There’s something in my eye: why we happy-cry and what it does for us | Psyche

Tokushōryū Makoto sheds tears of joy after winning over Takakeishō Mitsunobu at the New Year Grand Sumo Tournament on 26 January 2020 in Tokyo, Japan. Photo by The Asahi Shimbun/Getty


There’s something in my eye: why we happy-cry and what it does for us

Tokushōryū Makoto sheds tears of joy after winning over Takakeishō Mitsunobu at the New Year Grand Sumo Tournament on 26 January 2020 in Tokyo, Japan. Photo by The Asahi Shimbun/Getty

by Janis Zickfeld + BIO

There are videos on YouTube that pose a simple test: watch this and try not to cry. They have titles such as ‘99 per cent will cry’ and ‘Try not to cry challenge’, and they show heart-breaking scenes of illness, death and loss. But other versions of the challenge depict positive scenes: acts of unconditional kindness, cute animals, troops being reunited with their families. This isn’t a new idea: the French philosopher René Descartes argued in 1649 that we don’t cry only to express feelings of torment, grief or unhappiness, but also to express positive states of love or joy. Likewise, literature has provided various depictions of positive tears – whether it be the reunion with Telemachus in Homer’s Odyssey or the miraculous birth of a child in Leo Tolstoy’s Anna Karenina (1878).

Happy tears are common. My colleagues and I carried out a recent survey of more than 3,500 adults from 19 different countries, and found that 68 per cent reported tearing up from a positive experience at least once a month. And yet, before this, the scientific study of tears of joy has been astonishingly neglected – rarely going beyond the anecdotal mention that people might cry for positive reasons as well.

Some early psychoanalytic theorists claimed that positive tears are never an expression of outright happiness, but always relate to some negative emotion that’s happening in parallel or has been delayed. For example, a father cries when he sees his daughter getting married not because it’s a touching moment of affection but because he feels he’s losing her, or because he worries that she’s heading toward an uncertain future. However, this isn’t a well-supported theory. A recent study showed that some people do cry when they feel positive and negative emotions in parallel – but there are many examples where happy crying isn’t linked to negative feelings at all.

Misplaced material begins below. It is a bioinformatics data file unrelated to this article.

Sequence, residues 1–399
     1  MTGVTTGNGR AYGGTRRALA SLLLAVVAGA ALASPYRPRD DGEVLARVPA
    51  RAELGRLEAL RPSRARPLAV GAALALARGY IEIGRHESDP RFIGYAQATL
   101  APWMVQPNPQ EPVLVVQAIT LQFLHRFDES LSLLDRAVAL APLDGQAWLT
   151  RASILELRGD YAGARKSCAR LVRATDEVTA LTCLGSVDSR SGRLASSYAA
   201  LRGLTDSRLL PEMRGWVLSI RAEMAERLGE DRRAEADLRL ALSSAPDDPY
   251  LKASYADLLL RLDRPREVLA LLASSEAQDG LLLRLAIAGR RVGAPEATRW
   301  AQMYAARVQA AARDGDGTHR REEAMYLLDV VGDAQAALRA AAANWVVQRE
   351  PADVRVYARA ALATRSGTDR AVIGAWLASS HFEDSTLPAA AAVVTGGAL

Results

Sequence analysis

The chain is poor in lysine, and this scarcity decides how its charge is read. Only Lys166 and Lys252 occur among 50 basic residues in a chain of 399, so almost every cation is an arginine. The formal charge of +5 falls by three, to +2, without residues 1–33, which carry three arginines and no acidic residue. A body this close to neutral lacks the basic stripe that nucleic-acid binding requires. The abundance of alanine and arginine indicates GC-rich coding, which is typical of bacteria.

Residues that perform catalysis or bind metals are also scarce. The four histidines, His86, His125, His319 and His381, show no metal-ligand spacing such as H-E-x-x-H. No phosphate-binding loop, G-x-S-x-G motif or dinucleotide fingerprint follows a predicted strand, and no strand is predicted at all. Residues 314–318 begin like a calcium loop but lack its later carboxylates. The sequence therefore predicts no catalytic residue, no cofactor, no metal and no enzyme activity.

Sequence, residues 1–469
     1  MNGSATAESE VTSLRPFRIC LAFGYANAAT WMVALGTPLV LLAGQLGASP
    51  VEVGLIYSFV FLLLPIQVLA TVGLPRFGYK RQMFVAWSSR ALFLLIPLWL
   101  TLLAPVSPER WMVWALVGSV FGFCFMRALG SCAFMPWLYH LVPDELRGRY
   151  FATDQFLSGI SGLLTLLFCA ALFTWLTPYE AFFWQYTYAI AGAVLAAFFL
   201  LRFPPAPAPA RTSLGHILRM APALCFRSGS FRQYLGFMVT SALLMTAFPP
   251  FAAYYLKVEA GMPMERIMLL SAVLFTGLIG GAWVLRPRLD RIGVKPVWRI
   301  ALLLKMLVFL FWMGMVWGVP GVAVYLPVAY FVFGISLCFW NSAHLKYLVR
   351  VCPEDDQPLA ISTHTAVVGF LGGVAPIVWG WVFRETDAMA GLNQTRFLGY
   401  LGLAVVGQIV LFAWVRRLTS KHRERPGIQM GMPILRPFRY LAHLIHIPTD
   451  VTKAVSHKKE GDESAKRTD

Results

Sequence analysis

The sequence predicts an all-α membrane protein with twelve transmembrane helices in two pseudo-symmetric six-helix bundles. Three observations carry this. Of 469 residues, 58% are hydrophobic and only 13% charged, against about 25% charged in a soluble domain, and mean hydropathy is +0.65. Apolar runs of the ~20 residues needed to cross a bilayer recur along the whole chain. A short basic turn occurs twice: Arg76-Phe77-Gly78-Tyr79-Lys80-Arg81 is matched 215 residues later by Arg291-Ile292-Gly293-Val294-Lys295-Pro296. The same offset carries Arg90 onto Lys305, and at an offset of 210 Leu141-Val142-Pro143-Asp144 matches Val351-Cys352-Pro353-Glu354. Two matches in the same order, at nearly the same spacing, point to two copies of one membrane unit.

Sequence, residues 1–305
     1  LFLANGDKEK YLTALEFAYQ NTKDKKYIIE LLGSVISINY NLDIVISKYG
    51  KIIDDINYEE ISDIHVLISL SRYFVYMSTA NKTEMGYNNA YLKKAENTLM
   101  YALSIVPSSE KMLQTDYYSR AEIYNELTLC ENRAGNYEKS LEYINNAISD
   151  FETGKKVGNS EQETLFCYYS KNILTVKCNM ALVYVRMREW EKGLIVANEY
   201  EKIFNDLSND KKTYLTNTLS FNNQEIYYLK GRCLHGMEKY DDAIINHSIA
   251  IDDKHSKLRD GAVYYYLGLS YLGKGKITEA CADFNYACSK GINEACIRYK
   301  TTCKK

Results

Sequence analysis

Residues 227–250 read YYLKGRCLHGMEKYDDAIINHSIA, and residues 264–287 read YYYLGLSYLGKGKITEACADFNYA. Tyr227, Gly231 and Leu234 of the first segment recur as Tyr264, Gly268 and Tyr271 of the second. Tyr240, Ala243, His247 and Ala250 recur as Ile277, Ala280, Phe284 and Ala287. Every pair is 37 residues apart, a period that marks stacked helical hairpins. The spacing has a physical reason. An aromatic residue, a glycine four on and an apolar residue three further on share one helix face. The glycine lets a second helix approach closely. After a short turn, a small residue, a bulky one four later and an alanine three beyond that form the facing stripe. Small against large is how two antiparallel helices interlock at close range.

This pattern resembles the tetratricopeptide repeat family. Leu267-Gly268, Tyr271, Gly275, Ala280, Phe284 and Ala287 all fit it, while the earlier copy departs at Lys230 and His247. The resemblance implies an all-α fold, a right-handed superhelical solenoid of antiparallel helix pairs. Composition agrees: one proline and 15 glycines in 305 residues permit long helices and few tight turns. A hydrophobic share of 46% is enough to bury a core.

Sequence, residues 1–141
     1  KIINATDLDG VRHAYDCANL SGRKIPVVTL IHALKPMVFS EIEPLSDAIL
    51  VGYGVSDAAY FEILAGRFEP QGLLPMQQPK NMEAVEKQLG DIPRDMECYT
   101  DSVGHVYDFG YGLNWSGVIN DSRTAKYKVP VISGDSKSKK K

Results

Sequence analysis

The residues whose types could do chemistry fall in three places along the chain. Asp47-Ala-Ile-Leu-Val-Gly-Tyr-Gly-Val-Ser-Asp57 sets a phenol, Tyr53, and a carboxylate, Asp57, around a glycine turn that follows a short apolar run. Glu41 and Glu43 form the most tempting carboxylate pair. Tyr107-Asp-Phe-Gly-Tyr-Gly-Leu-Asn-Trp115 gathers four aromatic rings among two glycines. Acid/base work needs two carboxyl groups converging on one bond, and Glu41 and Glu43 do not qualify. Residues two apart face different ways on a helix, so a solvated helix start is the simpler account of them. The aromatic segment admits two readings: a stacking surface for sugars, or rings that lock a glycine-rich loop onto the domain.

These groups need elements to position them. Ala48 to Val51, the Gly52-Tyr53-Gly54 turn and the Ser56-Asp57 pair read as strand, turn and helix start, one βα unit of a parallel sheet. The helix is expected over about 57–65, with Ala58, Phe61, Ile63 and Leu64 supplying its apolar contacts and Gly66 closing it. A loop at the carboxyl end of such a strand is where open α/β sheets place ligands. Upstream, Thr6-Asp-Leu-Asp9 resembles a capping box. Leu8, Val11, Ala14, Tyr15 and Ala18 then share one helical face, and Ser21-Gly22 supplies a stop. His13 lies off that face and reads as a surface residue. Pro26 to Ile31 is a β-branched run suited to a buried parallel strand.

As researchers, we wanted to better understand the circumstances in which people cry happy tears. To do this, we asked more than 13,000 adults in 40 different countries to tell us what made them cry for joy, and they described more than 1,500 distinct episodes. When we analysed these reports, we found that happy tears could be grouped into (at least) one of four specific categories.

The first, achievement tears, occur when someone shows extraordinary skill or performance, attains a well-deserved success, or overcomes a big obstacle. This might include winning an Olympic medal, being admitted to a prestigious study programme, or recovering from a severe illness. These tears might involve feelings of pride for one’s own accomplishments or admiration when observing the achievements of others.

Affectionate tears occur when someone experiences or observes a special sense of closeness or communality. Reuniting with an old friend you haven’t seen for many years or holding your newborn baby for the first time are typical examples. Such tears are part of the feeling of ‘kama muta’ – that intense state of feeling moved by love. Along with achievement events, these are some of the most common forms of happy tears: we found that 84 per cent of reports were either achievement or affectionate tears or both (for instance, observing an important achievement of your own child can involve both a sense of achievement and feelings of affection).